Following an official information request from Green Party finance policy spokesman Gerhard Schick, the Financial Ministry revealed that 36 specific banks are considered important to the German financial system, the Süddeutsche Zeitung newspaper reported.
Each institution on the list, which likely includes big names like Deutsche Bank, Commerzbank and HypoVereinsbank, as well as the state banks, has been asked to present an action plan by the end of 2013, outlining its crisis strategy.
Finance Minister Wolfgang Schäuble said after the request was announced in November that he would like to pass a law legally requiring the banks to do so.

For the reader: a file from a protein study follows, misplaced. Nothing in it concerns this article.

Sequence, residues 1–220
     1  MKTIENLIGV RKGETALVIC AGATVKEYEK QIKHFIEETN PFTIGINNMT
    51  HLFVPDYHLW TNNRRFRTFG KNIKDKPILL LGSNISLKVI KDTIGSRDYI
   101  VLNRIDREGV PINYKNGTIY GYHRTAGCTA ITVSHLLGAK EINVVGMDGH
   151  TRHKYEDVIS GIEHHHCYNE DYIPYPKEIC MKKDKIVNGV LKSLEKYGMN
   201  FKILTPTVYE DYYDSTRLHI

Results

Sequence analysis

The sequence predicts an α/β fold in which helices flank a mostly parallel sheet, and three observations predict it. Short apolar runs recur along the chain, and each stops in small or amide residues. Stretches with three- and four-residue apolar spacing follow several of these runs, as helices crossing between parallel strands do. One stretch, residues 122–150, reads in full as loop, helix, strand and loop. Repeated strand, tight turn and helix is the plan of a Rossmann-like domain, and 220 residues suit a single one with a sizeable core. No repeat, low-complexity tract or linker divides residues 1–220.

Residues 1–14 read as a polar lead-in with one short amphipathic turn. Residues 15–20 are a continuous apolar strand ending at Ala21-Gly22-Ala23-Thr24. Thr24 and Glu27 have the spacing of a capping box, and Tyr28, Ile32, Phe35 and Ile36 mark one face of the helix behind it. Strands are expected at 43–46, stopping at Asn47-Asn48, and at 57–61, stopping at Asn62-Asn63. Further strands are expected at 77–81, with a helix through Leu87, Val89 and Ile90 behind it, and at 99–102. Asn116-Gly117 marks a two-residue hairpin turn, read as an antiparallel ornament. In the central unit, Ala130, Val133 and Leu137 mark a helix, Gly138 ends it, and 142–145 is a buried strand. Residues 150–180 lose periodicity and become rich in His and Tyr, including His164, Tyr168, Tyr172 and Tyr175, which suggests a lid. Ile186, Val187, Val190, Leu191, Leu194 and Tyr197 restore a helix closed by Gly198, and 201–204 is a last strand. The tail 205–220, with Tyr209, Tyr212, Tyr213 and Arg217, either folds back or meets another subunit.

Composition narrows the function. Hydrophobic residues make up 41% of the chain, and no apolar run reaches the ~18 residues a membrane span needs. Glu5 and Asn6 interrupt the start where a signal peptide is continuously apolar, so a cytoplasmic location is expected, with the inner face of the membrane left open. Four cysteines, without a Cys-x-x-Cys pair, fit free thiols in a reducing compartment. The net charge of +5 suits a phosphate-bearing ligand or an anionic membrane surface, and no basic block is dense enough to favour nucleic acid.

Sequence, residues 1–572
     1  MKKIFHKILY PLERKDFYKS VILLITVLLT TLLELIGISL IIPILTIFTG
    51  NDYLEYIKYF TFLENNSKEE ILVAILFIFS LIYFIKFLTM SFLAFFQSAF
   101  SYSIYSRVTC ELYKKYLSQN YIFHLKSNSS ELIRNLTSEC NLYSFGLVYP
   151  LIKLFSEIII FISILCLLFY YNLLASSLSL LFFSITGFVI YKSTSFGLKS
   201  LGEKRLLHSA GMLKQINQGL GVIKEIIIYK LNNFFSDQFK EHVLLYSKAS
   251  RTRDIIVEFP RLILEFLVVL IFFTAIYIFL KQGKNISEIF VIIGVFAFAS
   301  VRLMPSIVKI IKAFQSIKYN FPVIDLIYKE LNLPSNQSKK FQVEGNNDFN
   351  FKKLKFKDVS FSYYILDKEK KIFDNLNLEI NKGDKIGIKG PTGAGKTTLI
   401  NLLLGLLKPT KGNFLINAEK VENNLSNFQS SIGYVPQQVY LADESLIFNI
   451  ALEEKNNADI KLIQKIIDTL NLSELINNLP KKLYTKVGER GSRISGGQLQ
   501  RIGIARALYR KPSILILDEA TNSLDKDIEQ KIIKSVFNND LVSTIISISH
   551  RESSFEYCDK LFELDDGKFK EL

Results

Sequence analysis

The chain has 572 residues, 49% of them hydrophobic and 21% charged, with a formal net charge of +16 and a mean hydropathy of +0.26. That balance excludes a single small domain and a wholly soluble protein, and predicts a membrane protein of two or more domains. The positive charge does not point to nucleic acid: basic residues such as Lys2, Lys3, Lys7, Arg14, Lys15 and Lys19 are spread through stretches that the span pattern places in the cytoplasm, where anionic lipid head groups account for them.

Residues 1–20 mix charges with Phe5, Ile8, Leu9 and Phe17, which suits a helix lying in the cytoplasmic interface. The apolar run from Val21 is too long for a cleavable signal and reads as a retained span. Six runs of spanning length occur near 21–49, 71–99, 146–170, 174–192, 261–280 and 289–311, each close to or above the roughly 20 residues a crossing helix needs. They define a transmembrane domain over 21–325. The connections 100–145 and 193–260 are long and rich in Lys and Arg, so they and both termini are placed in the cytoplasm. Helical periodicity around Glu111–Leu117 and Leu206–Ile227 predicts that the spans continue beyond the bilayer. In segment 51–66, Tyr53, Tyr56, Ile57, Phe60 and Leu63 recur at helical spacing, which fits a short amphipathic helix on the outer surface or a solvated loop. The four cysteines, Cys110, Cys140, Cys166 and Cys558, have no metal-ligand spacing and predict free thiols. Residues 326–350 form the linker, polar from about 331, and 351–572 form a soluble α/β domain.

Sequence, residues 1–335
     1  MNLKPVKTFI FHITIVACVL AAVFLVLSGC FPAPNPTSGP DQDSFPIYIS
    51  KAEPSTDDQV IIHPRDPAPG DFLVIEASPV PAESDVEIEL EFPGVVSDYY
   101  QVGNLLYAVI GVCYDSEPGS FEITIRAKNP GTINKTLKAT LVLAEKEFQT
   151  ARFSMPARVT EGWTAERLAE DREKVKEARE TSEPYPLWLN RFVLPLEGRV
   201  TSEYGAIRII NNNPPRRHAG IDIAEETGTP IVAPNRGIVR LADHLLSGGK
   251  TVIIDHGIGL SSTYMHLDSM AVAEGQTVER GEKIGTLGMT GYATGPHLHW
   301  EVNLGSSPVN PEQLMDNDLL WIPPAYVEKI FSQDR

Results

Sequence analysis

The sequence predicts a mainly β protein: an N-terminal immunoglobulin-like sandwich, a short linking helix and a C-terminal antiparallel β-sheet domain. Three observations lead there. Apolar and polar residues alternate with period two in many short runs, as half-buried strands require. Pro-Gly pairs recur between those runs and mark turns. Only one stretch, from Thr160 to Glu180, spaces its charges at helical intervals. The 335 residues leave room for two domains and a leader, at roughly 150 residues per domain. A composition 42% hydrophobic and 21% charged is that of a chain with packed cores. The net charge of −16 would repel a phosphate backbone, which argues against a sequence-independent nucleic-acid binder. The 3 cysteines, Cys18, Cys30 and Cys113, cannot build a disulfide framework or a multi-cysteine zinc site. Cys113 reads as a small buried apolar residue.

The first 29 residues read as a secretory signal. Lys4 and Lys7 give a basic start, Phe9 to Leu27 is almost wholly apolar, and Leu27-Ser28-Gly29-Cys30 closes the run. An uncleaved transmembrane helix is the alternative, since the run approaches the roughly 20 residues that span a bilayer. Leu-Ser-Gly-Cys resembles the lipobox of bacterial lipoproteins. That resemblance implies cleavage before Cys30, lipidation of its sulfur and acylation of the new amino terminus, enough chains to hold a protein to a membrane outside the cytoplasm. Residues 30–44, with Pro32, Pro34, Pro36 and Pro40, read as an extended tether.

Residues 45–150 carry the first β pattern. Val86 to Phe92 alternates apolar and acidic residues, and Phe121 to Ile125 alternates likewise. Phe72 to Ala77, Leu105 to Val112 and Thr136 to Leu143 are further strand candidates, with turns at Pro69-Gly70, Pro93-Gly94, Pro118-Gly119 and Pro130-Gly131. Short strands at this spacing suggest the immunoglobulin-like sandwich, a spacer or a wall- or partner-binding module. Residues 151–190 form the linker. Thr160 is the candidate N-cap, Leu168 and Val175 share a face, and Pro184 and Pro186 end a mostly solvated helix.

But Schick criticised the fact that proportionally too much time was being spent supervising small banks than big banks.
Deutsche Bank, for example, accounts for 23 percent of the country's total banking assets but has just four percent of the ministry's experts watching over it, Süddeutsche Zeitung wrote. While small banks, which together account for eight percent of banking assets, have been assigned 20 percent of overseers.
Schick told the paper that “proportionally, big banks are seriously under-observed.”
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He added that incidents like the Libor scandal highlighted just how much intensive observation should be going into big banks from the government.